Thermal effects in rapid directional solidification: weakly-nonlinear analysis of oscillatory instabilities

D. A. Huntley*, S. H. Davis

*Corresponding author for this work

Research output: Contribution to journalArticle

5 Scopus citations

Abstract

Huntley and Davis have performed a linear stability analysis on a model for the rapid directional solidification of a dilute binary alloy. This model has a velocity-dependent segregation coefficient and liquidus slope, a linear form of attachment kinetics, and the effects of latent heat and the full temperature distribution. The analysis revealed two modes of instability: (i) a steady cellular instability and (ii) an oscillatory instability driven by disequilibrium effects. The oscillatory instability has either a zero or nonzero critical wavenumber, depending on the thermal properties of the system. In this paper, we study the nonlinear behavior of the oscillatory instability with critical wavenumber zero through a weakly-nonlinear analysis. The analysis leads to a complex-coefficient Ginzburg-Landau equation (GLE) governing the amplitude of the fundamental mode of instability to the planar solid/liquid interface. A bifurcation analysis is applied to demark the parametric regions of supercritical (smooth) and subcritical (jump) transitions to the pulsatile mode. Asymptotic limits for low and high pulling speeds are applied by means of a double-expansion procedure to simply the GLE. With these simplified results, stability of the two-dimensional supercritical solutions against sideband disturbances are calculated. We find several regions of parameter space which give either sharp wavenumber selection of the fundamental mode or no stable two-dimensional solutions. The results are then applied to several physical systems.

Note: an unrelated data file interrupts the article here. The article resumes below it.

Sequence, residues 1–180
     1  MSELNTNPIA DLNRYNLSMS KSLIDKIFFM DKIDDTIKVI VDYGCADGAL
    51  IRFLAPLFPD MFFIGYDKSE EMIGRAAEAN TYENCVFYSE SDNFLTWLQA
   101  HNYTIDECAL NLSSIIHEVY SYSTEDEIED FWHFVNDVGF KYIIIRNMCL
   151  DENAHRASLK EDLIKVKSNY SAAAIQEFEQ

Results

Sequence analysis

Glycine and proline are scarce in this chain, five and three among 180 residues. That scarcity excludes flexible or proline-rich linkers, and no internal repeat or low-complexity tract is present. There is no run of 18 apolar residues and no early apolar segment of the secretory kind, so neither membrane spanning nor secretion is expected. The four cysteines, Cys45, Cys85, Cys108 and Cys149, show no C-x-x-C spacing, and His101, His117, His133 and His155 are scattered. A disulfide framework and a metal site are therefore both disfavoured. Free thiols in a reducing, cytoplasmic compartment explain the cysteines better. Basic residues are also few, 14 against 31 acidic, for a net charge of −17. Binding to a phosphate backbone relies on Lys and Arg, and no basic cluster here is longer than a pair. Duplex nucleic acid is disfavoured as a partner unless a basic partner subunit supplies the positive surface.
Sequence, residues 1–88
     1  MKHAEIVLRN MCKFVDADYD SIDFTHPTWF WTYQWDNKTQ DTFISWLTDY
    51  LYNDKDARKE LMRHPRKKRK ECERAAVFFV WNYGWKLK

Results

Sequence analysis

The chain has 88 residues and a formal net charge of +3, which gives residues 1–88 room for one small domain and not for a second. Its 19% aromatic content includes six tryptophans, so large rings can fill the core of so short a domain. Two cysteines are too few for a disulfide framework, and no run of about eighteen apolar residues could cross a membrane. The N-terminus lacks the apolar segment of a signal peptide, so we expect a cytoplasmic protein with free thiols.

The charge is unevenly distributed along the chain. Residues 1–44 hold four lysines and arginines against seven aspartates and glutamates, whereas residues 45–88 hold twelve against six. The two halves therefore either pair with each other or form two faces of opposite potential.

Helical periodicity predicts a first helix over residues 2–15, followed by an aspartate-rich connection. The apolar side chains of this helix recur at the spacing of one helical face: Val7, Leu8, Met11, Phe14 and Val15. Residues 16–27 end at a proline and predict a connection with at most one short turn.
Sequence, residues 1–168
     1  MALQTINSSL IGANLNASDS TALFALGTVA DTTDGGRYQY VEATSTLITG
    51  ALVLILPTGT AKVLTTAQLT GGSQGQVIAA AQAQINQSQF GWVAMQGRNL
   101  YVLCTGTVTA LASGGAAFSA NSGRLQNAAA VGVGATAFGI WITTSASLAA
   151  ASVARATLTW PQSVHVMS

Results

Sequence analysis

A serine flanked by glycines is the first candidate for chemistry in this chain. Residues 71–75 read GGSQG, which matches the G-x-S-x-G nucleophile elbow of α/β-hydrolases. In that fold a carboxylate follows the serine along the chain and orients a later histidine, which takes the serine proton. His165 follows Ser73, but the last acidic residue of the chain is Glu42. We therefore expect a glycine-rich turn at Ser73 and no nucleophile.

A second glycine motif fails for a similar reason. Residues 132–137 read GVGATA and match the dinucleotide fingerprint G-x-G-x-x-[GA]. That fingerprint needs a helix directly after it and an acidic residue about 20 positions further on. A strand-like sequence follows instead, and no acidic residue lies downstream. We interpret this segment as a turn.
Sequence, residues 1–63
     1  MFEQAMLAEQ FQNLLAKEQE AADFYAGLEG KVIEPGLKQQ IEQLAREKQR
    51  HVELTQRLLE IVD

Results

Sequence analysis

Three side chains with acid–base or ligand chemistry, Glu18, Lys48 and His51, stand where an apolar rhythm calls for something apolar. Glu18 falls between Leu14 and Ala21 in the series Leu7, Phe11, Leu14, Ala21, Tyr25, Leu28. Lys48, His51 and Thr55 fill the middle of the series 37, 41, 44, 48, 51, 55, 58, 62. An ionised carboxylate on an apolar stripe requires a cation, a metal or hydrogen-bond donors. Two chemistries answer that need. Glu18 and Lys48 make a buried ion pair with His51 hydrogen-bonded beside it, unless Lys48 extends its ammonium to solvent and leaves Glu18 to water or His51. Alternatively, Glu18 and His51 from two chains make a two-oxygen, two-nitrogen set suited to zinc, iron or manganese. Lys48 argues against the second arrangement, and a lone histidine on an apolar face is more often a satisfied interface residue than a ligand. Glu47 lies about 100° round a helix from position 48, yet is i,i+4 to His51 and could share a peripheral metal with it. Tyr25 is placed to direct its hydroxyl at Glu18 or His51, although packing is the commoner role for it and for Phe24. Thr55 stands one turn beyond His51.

Original languageEnglish (US)
Pages (from-to)141-165
Number of pages25
JournalJournal of Crystal Growth
Volume132
Issue number1-2
DOIs
StatePublished - Sep 1 1993

ASJC Scopus subject areas

  • Condensed Matter Physics
  • Inorganic Chemistry
  • Materials Chemistry

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